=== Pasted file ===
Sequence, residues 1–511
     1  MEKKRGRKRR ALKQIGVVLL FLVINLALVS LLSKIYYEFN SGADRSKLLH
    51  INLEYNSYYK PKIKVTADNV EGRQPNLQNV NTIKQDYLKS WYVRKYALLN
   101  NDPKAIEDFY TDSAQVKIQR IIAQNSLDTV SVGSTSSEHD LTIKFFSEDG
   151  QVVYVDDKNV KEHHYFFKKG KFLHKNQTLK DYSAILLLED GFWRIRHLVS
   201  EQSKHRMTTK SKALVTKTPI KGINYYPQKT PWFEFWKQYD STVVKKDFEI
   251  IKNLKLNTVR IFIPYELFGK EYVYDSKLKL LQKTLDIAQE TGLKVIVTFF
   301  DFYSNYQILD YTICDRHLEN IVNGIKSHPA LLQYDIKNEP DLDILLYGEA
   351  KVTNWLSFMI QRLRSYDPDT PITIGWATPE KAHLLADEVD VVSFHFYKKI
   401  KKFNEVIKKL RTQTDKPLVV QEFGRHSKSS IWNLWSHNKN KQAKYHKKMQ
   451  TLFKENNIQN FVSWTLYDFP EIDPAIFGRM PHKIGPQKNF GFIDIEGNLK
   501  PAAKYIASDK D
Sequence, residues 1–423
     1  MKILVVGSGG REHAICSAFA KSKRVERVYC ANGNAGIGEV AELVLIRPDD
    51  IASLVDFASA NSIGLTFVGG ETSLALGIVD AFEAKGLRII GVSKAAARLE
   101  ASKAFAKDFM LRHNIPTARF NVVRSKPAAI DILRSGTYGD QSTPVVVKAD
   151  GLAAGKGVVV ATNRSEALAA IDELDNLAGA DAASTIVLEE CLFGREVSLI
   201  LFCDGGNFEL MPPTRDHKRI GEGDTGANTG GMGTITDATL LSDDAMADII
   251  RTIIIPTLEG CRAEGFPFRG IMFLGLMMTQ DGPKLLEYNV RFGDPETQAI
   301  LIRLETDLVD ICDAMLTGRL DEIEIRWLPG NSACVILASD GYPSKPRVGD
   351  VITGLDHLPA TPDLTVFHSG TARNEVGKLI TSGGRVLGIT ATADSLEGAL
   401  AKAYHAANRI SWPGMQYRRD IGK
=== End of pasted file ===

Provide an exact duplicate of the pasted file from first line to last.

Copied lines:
Sequence, residues 1–511
     1  MEKKRGRKRR ALKQIGVVLL FLVINLALVS LLSKIYYEFN SGADRSKLLH
    51  INLEYNSYYK PKIKVTADNV EGRQPNLQNV NTIKQDYLKS WYVRKYALLN
   101  NDPKAIEDFY TDSAQVKIQR IIAQNSLDTV SVGSTSSEHD LTIKFFSEDG
   151  QVVYVDDKNV KEHHYFFKKG KFLHKNQTLK DYSAILLLED GFWRIRHLVS
   201  EQSKHRMTTK SKALVTKTPI KGINYYPQKT PWFEFWKQYD STVVKKDFEI
   251  IKNLKLNTVR IFIPYELFGK EYVYDSKLKL LQKTLDIAQE TGLKVIVTFF
   301  DFYSNYQILD YTICDRHLEN IVNGIKSHPA LLQYDIKNEP DLDILLYGEA
   351  KVTNWLSFMI QRLRSYDPDT PITIGWATPE KAHLLADEVD VVSFHFYKKI
   401  KKFNEVIKKL RTQTDKPLVV QEFGRHSKSS IWNLWSHNKN KQAKYHKKMQ
   451  TLFKENNIQN FVSWTLYDFP EIDPAIFGRM PHKIGPQKNF GFIDIEGNLK
   501  PAAKYIASDK D
Sequence, residues 1–423
     1  MKILVVGSGG REHAICSAFA KSKRVERVYC ANGNAGIGEV AELVLIRPDD
    51  IASLVDFASA NSIGLTFVGG ETSLALGIVD AFEAKGLRII GVSKAAARLE
   101  ASKAFAKDFM LRHNIPTARF NVVRSKPAAI DILRSGTYGD QSTPVVVKAD
   151  GLAAGKGVVV ATNRSEALAA IDELDNLAGA DAASTIVLEE CLFGREVSLI
   201  LFCDGGNFEL MPPTRDHKRI GEGDTGANTG GMGTITDATL LSDDAMADII
   251  RTIIIPTLEG CRAEGFPFRG IMFLGLMMTQ DGPKLLEYNV RFGDPETQAI
   301  LIRLETDLVD ICDAMLTGRL DEIEIRWLPG NSACVILASD GYPSKPRVGD
   351  VITGLDHLPA TPDLTVFHSG TARNEVGKLI TSGGRVLGIT ATADSLEGAL
   401  AKAYHAANRI SWPGMQYRRD IGK